In a Hartford Courant op-ed, Amy discussed CK3LI and said that Connecticut should build upon this work through a state-led effort.
The Connecticut State Department of Education sent a memo to superintendents indicating that the state planned to return to administering the SBAC in the spring of 2021—a commendable leadership moment.
Preparing for elections across the state and nation, ERNA CT released a Public Policy Polling survey that found Connecticut voters were split on whether they trusted voting by mail-in or absentee ballot. Connecticut had passed laws earlier this year to make it easier for people concerned about COVID-19 to vote, including allowing for “no excuse” absentee ballot voting. 61% of Connecticut voters indicated a desire to see the state allow for early in-person voting.
We put out a pre-Election Day DFER CT Playbook, analyzing increased voter registration, who had voted already, who was expected to vote, and the races we were watching closely. ERN CT also released preliminary political research finding that, in the universe of CT Democrats who did not vote in the 2018 primary, outreach via text drove increased voter turnout of 1%, a very significant finding.
Connecticut’s House and Senate Caucuses picked their leadership for the next two year cycle, with President Pro Tem Martin Looney and Majority Leader Bob Duff retaining their roles in the Senate and with Representative Matt Ritter stepping up to the role of Speaker of the House. Representative Jason Rojas was also elected as the new House Majority Leader, the first person of color ever to assume that leadership position in the state. Lots of education champions in this group!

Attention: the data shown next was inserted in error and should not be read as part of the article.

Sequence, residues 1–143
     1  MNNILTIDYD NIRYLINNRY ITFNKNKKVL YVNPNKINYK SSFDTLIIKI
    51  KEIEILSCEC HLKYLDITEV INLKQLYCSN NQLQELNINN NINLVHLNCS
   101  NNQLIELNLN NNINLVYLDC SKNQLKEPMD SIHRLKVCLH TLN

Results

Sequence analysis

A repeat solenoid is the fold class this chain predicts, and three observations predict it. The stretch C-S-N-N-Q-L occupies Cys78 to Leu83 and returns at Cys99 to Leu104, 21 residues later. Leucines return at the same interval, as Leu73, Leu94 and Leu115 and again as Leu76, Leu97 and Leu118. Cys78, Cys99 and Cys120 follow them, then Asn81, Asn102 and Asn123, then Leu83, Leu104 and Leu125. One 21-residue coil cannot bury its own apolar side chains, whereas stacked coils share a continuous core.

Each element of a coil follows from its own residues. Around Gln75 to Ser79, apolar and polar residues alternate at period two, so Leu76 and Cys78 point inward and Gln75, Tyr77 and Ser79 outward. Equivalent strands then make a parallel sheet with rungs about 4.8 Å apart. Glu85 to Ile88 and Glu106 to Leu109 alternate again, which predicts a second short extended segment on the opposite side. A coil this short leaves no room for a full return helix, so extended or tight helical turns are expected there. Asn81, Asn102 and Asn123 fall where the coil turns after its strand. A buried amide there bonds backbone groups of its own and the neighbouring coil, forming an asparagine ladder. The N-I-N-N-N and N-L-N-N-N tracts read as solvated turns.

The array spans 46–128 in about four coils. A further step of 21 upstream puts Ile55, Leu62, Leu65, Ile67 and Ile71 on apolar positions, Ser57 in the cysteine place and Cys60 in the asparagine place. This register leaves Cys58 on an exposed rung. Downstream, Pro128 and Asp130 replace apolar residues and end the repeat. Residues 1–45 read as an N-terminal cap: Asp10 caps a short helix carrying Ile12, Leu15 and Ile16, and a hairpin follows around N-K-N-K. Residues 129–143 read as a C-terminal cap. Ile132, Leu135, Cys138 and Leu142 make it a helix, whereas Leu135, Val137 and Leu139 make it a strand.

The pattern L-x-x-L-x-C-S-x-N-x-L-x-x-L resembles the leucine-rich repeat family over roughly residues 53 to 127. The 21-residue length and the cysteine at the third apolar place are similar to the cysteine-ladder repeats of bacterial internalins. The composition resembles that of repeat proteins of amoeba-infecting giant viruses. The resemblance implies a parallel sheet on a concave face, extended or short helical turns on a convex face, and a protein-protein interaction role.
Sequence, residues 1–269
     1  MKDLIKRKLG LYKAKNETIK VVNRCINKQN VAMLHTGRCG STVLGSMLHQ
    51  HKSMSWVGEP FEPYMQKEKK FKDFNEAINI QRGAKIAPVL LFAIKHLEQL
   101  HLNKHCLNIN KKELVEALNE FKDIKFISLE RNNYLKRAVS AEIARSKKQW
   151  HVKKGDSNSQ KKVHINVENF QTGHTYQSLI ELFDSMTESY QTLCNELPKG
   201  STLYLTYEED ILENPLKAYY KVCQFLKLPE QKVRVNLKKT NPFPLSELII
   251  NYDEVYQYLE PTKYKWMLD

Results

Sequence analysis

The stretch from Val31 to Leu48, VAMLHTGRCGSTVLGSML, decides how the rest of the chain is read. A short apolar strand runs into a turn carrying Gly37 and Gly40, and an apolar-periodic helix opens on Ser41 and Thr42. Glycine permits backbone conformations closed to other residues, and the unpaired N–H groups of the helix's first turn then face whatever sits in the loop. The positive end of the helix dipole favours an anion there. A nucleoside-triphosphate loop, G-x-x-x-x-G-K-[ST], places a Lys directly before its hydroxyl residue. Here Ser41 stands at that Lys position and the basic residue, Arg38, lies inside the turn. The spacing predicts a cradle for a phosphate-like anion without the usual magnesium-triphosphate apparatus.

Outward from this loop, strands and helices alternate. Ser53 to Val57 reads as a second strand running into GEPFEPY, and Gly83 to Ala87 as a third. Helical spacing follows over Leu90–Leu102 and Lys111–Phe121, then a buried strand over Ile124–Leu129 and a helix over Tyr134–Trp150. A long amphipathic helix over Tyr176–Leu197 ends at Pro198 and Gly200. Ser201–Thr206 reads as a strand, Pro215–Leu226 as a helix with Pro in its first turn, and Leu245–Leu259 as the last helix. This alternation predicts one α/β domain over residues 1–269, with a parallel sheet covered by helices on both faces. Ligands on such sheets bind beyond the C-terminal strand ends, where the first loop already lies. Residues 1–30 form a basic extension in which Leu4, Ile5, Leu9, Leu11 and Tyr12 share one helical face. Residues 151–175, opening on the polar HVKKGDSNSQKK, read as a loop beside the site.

Later in the month, Amy moderated a panel hosted by Partnership for Strong Communities, which featured Representative Rojas and other housing and education experts.
As this challenging year comes to a close, we end on three high notes. This month, Connecticut became the first state to distribute learning devices and internet connections to every student in need, closing the digital divide in a manner that is bound to have positive repercussions beyond the pandemic.
In addition, the state and nation are finally seeing the distribution of a much-anticipated COVID-19 vaccine. We hope that teachers, who have worked so hard to keep students on track, will be prioritized for vaccination in the early months of 2021.
Lastly, during the week of Christmas, Connecticut’s own Commissioner Miguel Cardona was nominated by the Biden Administration for the role of US Secretary of Education. In a press statement, we applauded the choice, noting that Dr. Cardona has fought both for equity and to keep students in the classroom as much as possible during the pandemic. Although we will miss him, we are excited and proud to see him elevated to the national stage!
We are thankful for the teachers who have worked so hard to keep children engaged during this unprecedented year. We are thankful for the leadership we have seen in Connecticut on behalf of students and schools. And we are thankful to all the students who have been so resilient this year. You are stars!
We look forward to working together towards a better future in 2021.
Happy New Year!
- The DFER CT Team -